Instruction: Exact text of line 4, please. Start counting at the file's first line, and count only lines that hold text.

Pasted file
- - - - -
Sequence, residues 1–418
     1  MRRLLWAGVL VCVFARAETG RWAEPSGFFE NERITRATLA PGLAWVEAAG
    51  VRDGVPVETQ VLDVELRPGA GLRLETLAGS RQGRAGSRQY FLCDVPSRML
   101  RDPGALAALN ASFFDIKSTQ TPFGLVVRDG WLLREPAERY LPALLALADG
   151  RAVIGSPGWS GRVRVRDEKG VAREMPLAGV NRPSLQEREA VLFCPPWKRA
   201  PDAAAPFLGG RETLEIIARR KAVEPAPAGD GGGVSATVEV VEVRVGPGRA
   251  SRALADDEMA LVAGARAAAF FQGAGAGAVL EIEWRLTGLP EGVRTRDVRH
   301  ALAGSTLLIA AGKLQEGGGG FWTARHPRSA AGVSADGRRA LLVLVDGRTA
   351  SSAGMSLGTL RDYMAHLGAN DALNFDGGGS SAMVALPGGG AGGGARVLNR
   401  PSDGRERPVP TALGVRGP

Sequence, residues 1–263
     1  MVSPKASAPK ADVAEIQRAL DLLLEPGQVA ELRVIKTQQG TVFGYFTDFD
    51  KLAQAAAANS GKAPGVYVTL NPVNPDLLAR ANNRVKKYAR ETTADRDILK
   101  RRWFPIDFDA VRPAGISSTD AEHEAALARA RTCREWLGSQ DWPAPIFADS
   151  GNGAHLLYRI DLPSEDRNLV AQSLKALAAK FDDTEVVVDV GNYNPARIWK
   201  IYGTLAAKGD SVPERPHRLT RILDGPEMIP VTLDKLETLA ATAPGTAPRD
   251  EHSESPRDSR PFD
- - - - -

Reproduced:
   101  RDPGALAALN ASFFDIKSTQ TPFGLVVRDG WLLREPAERY LPALLALADG